We are an independent think-tank and undertake major research projects with external partner organisations. But we also make a point of working with the financial services industry and other stakeholders with an interest in combating financial exclusion and underprovision to improve the quality of financial products and access to financial services.
These services also provide much needed additional revenue for the Centre allowing it to pursue its aims.
Research, planning and advisory services
With our expertise and experience, we work with social partner organisations in government and the third sector to develop and implement strategies for combating financial exclusion. We provide a range of services including:
- major research projects on financial inclusion issues and consumer behaviour in financial markets;
- helping national, regional and local authorities, and charities develop focused, targeted financial inclusion and capability strategies;
- providing practical help in setting up organisations to combat exclusion such as credit unions, and developing alternative products such as insurance with rent schemes; and
- building capacity in the third-sector to help it play a more effective role in meeting the needs of excluded and marginalised consumers.
Organisations interested in engaging the Centre on strategic development or research projects, please contact Mick McAteer, Director, on email@example.com for a confidential discussion and details.
Working with the industry
We campaign against poor practices in the market such as irresponsible lending or unfair product terms and conditions. However, we also take the view that consumer advocates can do as much good by working with the industry to develop consumer-focused products and practices.
To support this aim, we provide independent, objective, and confidential consumer audits to financial services providers that bring a unique consumer perspective covering the following:
- product design – we work with firms to assess products against the recognised consumer principles such as fairness, value for money, quality, and security highlighting where certain terms and conditions may be detrimental to consumers;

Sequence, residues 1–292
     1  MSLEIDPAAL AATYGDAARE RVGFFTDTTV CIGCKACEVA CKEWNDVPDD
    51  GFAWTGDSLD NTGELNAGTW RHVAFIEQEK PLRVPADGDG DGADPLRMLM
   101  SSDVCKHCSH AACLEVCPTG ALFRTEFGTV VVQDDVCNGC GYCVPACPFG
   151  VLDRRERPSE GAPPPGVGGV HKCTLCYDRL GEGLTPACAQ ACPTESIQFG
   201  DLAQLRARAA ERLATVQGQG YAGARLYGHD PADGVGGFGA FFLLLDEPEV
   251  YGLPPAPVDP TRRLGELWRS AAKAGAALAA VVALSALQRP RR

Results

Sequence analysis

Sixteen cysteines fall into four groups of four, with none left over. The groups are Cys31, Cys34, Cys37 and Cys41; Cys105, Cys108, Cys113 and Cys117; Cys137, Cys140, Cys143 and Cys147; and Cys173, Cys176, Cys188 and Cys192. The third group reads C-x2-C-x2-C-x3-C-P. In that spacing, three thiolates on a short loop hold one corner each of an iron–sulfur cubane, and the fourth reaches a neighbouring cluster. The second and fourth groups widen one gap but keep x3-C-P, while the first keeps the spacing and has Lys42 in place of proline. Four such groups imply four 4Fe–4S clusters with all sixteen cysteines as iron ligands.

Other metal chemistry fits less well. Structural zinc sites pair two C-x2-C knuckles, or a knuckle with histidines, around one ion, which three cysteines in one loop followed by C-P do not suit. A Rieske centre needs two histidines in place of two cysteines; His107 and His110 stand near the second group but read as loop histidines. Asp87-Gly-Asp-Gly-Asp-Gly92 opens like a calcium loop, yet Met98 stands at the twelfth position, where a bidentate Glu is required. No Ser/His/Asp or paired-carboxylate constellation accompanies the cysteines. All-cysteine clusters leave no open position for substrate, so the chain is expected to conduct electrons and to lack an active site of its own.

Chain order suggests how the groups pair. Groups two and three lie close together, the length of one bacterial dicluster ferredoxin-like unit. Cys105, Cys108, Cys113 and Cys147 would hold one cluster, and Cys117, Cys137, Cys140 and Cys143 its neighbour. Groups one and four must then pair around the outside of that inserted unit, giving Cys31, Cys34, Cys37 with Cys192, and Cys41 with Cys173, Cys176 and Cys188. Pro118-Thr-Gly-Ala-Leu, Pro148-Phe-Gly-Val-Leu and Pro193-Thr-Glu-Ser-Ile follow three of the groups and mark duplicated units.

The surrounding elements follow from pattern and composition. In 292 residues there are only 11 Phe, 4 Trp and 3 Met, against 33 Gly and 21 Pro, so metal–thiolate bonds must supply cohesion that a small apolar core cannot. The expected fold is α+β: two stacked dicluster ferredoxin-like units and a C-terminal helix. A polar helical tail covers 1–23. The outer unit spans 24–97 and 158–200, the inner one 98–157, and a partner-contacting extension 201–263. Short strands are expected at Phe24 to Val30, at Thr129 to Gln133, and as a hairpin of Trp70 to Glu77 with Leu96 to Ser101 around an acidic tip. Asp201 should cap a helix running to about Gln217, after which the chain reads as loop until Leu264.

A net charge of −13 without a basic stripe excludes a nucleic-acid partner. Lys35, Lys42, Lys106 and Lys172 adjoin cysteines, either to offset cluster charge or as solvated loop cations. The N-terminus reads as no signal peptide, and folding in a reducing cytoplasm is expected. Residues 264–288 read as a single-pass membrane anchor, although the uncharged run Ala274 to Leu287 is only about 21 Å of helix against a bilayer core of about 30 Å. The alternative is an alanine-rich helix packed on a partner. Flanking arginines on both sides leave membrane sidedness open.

- co-production of products and services – the Centre is a strong advocate of the co-production approach. Co-production is a process where deliberate efforts are made to involve the users or intended users of products in the design, planning, and delivery of products. Co-production increases the chances that products are designed to meet the needs of target audiences;
- ‘stress-testing’ – another aspect of co-production is ‘stress testing’ of products and services. Financial firms are well used to financial stress testing of products. However, the Centre’s team with its detailed understanding of consumer behaviour brings a unique consumer perspective and can help firms stress test consumers’ understanding of products and services. This should increase the likelihood that products reach their intended markets and reduce the risk of misselling and inappropriate sales.
- financial advice and sales processes: as well assessing products, we can apply the same model to financial advice and sales processes to ensure that advice meets the needs of target audiences;
- detailed consumer insight programmes – to help firms understand consumers’ needs and preferences;
- identification of regulatory and reputational risks – particularly with respect to Treating Customers Fairly requirements.
If firms are interested in engaging our team, then please contact Mick Mc Ateer, Director, on firstname.lastname@example.org for a confidential discussion and details.
Where possible we believe that good practice should be rewarded to provide strong incentives for consumer-focused providers. Over time, we plan to develop an independent, trusted quality mark to allow consumers to recognise consumer-focused firms. We take our inspiration from organisations such as the Fair Trade Foundation and the Soil Association who have shown how positive campaigns can help markets evolve to meet consumers’ needs and produce market changes.